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Stem Cells From Patients Make “Early Retina In A Dish”

June 17, 2011

Photo of Induced Pluripotent Stem Cells (Source: University-of-Wisonsin-Madison)

This microscope photo shows human induced pluripotent stem cells beginning to form into a structure like a retina. This vesicle, or early retinal structure, formed in the laboratory into much the same shape that occurs in early eye development. The red cells are retina and the green cells are rapidly dividing cells.

Source: University of Wisconsin-Madison

Soon, some treatments for blinding eye diseases might be developed and tested using retina-like tissues produced from the patient's own skin, thanks to a series of discoveries reported by a team of University of Wisconsin-Madison stem cell researchers.

The team, led by stem cell scientist and ophthalmologist Dr. David Gamm of the UW School of Medicine and Public Health and former UW scientist Dr. Jason Meyer, used human embryonic stem (ES) cells and induced pluripotent stem (iPS) cells to generate three-dimensional structures that are similar to those present at the earliest stages of retinal development.

The Gamm laboratory, based at UW-Madison's Waisman Center, isolated these early retinal structures from other cell groups and grew them in batches in the laboratory, where they produced major retinal cell types, including photoreceptors and retinal pigment epithelium (RPE).

Importantly, cells from these structures matured and responded appropriately to signals involved in normal retinal function, making them potentially valuable not only for studying how the human retina develops, but also how to keep it working in the face of disease.

To demonstrate this potential, UW-Madison researchers created early retinal structures from skin cells of a woman with a rare blinding disease—gyrate atrophy—and directed them to make RPE, the cell type primarily affected by this disorder. Tests on these created cells showed that high doses of vitamin B6, a compound sometimes used to treat gyrate atrophy, could overcome the gene mutation that led to her disease.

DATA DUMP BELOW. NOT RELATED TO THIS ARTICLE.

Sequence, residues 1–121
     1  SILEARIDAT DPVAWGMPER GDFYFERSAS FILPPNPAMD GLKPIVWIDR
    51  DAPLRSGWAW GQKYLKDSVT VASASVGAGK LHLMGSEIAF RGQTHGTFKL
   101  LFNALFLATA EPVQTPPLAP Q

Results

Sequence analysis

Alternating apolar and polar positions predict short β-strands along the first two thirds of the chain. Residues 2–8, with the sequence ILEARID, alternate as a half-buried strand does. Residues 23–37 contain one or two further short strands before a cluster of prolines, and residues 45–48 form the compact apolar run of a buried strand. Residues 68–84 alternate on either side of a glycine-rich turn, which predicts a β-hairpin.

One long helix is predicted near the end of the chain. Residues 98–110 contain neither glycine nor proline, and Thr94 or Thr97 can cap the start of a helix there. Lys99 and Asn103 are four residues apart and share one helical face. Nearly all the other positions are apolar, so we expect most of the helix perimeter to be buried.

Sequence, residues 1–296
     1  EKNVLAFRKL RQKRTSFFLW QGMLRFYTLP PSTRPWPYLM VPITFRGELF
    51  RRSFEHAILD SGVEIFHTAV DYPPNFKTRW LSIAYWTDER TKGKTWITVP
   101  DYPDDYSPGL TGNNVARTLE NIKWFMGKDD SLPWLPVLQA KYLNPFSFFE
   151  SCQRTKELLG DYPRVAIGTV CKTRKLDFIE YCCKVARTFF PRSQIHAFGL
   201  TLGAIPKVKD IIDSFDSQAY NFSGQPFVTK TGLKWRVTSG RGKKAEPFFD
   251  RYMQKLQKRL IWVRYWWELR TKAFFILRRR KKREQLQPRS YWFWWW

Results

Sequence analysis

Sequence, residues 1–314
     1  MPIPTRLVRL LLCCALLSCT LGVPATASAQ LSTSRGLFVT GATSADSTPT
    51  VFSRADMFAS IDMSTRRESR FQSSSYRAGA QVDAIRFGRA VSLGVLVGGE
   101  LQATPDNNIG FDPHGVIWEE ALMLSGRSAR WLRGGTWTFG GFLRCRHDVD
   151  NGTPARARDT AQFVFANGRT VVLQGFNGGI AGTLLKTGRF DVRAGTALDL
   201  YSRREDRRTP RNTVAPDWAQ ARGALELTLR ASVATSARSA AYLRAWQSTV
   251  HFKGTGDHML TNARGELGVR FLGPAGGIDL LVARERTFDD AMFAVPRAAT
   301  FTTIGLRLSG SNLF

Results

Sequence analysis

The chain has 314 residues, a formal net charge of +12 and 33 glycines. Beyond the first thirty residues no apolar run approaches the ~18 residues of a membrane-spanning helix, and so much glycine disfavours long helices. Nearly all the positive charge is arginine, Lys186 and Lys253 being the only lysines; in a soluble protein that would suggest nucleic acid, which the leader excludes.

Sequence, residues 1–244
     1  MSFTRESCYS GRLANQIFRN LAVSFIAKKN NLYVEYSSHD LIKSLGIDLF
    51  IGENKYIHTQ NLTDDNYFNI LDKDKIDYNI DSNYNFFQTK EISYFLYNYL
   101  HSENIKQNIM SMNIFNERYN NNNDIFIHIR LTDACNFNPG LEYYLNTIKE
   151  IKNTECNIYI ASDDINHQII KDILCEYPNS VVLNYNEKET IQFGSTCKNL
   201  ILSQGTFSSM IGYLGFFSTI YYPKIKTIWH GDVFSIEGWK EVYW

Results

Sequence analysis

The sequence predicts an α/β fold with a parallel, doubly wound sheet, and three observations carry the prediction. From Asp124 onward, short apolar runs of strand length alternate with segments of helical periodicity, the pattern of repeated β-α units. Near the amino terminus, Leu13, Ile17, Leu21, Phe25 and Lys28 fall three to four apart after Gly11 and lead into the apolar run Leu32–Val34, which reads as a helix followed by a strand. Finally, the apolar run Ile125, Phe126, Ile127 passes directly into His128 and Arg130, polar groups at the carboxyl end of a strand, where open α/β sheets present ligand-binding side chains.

In a second test, scientists also corrected the problem by "swapping out" the patient's defective gene for a correct copy using a process described earlier this year by fellow research team members Dr. Sara Howden and Dr. James Thomson of the Morgridge Institute.

The results show the clinical promise of stem cell research, but Gamm is careful to point out that much work is left to be done.

"However, it is remarkable to think that something resembling the retina, one of the most specialized tissues in the human body, may one day be generated from a person's skin," says Gamm, who is encouraged by results from Dr. Yoshiki Sasai's lab in Kobe, Japan, demonstrating that mouse ES cells could produce highly complex retinal tissues in a dish.

Even with current technology, human iPS cells are capable of advancing the field of personalized medicine by providing access to cells that cannot be safely removed from living patients. In turn, these custom cells can be used to test effects of cutting edge treatments (such as gene therapy) or established medications.

"In our case, the individual with gyrate atrophy was thought to be unresponsive to vitamin B6 therapy based on traditional tests, but examination of her own RPE suggested otherwise," Gamm says. "This is another glimpse of how we might use stem cells to help patients in the foreseeable future."

The research is published online in the journal Stem Cells.

Adapted from the University of Wisconsin-Madison

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